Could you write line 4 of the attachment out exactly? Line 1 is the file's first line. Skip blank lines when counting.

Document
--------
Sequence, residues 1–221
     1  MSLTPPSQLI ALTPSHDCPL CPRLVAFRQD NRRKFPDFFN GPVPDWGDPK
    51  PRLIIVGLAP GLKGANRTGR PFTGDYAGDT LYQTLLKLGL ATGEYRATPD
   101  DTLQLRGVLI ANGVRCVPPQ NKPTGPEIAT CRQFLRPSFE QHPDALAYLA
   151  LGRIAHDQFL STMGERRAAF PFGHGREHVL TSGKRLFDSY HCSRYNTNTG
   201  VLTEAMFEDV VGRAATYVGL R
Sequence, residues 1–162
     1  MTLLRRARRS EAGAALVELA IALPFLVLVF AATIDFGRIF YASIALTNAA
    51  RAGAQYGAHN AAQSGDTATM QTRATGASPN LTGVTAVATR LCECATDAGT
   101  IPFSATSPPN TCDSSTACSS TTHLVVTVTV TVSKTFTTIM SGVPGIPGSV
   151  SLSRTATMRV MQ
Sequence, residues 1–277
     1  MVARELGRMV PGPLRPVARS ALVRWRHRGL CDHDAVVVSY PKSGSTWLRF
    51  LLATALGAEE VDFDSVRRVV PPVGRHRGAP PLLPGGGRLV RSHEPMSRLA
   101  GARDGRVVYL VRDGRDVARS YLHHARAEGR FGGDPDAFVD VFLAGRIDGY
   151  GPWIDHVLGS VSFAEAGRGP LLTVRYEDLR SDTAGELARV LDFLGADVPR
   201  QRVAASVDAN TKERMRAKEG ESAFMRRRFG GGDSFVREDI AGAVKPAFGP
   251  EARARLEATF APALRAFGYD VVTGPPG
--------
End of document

   101  DTLQLRGVLI ANGVRCVPPQ NKPTGPEIAT CRQFLRPSFE QHPDALAYLA